Since the advent of mass-produced books in the late 1800’s, there have been hundreds, if not thousands, of different editions created of Jane Austen’s novels and minor works. While I will not publicly admit how many I own, *cough* I will share that there is more than one copy of her six major works in my bookcase. I have known a few Janeites who admit that they are hell-bent on collecting every old and new edition of Pride and Prejudice ever published. That is an obsession that will soon require a library as large as Pemberley’s expansive shelves.
After reading the description of Janine Barchas’ new book, The Lost Books of Jane Austen, I have a feeling that the author may be in that obsessed category of book collectors too. We are a rare breed and she has my total sympathy and approval.
Hardcore bibliography meets Antiques Roadshow in an illustrated exploration of the role that cheap reprints played in Jane Austen’s literary celebrity―and in changing the larger book world itself.
In the nineteenth century, inexpensive editions of Jane Austen’s novels targeted to Britain’s working classes were sold at railway stations, traded for soap wrappers, and awarded as school prizes. At just pennies a copy, these reprints were some of the earliest mass-market paperbacks, with Austen’s beloved stories squeezed into tight columns on thin, cheap paper. Few of these hard-lived bargain books survive, yet they made a substantial difference to Austen’s early readership. These were the books bought and read by ordinary people.
Packed with nearly 100 full-color photographs of dazzling, sometimes gaudy, sometimes tasteless covers, The Lost Books of Jane Austen is a unique history of these rare and forgotten Austen volumes. Such shoddy editions, Janine Barchas argues, were instrumental in bringing Austen’s work and reputation before the general public. Only by examining them can we grasp the chaotic range of Austen’s popular reach among working-class readers.
Informed by the author’s years of unconventional book hunting, The Lost Books of Jane Austen will surprise even the most ardent Janeite with glimpses of scruffy survivors that challenge the prevailing story of the author’s steady and genteel rise. Thoroughly innovative and occasionally irreverent, this book will appeal in equal measure to book historians, Austen fans, and scholars of literary celebrity.
A LOOK INSIDE:
Take a peek inside the book with this clever slideshow that her publisher created. Of course, I was totally mesmerized by the depth of editions displayed and cannot wait to dive into it.
“A major new work by Janine Barchas, an outstanding critic both of Jane Austen and of book history. The Lost Books of Jane Austen is cogent and persuasive.” — Peter Sabor, McGill University, editor of The Cambridge Companion to Emma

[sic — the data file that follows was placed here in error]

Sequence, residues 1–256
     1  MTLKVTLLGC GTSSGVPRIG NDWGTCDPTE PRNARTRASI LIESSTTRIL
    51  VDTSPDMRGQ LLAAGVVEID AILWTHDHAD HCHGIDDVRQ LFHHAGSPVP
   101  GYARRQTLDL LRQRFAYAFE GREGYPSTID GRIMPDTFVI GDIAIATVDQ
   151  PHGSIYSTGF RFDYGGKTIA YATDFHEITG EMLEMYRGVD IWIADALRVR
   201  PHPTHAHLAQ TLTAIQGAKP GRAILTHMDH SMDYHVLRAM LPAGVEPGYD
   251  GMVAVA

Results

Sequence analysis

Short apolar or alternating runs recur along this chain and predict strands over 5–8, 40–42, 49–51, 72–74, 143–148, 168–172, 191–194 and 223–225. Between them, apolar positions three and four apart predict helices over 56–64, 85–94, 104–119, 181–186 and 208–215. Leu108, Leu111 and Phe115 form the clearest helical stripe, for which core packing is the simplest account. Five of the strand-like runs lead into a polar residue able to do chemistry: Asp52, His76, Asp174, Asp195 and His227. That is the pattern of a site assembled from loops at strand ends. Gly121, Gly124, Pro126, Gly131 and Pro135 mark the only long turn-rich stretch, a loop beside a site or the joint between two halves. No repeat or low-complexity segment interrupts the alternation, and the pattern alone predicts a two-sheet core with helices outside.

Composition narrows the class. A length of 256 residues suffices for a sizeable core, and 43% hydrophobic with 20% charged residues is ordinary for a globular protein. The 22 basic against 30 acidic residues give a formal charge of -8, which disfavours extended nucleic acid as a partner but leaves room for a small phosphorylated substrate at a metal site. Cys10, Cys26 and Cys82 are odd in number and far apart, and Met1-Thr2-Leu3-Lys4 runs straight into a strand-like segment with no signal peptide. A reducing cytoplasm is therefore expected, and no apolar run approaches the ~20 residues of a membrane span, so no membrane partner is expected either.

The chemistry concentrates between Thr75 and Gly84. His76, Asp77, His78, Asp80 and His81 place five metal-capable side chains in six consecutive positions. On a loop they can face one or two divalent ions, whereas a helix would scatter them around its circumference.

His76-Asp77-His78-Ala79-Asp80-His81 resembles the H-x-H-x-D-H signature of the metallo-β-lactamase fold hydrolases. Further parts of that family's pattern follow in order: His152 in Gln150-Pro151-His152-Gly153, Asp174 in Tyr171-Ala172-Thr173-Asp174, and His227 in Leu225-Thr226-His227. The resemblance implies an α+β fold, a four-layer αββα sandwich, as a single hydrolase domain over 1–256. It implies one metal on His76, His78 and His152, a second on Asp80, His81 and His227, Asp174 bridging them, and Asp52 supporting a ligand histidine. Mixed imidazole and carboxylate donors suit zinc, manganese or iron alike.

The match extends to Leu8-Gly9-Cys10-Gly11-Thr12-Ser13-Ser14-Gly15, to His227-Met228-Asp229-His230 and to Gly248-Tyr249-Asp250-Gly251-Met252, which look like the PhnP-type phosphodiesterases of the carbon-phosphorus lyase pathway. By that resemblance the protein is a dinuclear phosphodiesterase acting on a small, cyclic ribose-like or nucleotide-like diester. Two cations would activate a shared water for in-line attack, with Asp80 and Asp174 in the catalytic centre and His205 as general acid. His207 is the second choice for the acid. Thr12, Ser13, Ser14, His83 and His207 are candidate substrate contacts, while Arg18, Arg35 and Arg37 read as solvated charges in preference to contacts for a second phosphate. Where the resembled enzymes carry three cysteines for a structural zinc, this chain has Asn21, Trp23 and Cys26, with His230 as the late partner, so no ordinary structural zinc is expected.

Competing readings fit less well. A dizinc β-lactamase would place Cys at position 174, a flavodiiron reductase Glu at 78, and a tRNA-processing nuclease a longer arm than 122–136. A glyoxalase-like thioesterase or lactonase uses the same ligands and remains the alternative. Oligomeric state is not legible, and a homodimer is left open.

“In this groundbreaking, exquisitely researched, and stunningly illustrated book, Janine Barchas uncovers the unsung and ordinary editions―the ‘lost’ books―that profoundly shaped Austen’s afterlife and evolving literary reputation.” — Devoney Looser, Arizona State University, author of The Making of Jane Austen
“Before Jane Austen was great, she was popular, Janine Barchas contends in this original, often audacious study. Thanks to Barchas’s tremendous talents as book historian and book sleuth, we have new tools with which to assess that popularity and a new model of how to write reception history.” — Deidre Shauna Lynch, Harvard University, author of Loving Literature: A Cultural History
Janine Barchas is the Louann and Larry Temple Centennial Professor of English Literature at the University of Texas at Austin. She is the author of Matters of Fact in Jane Austen: History, Location, and Celebrity and Graphic Design, Print Culture, and the Eighteenth-Century Novel. She is also the creator behind What Jane Saw (www.whatjanesaw.org).
Barchas is indeed the ultimate Austen book hunter, and we are the grateful recipients of her obsession.
Jane Austen fans who enjoyed Margaret Sullivan’s Jane Austen Cover to Cover: 200 Years of Classic Book Covers (2014), and graphic artists who are fascinated by how book covers have evolved over the decades, will be very pleased to add this to their coffee table pile of entertaining illustrated editions.
The Lost Books of Jane Austen, by Janine Barchas
Johns Hopkins University Press (October 8, 2019)
Hardcover & eBook (304) pages
Cover image courtesy of John Hopkins University Press © 2019; Images Janine Barchas © 2019; Text Laurel Ann Nattress © 2019, Austenprose.com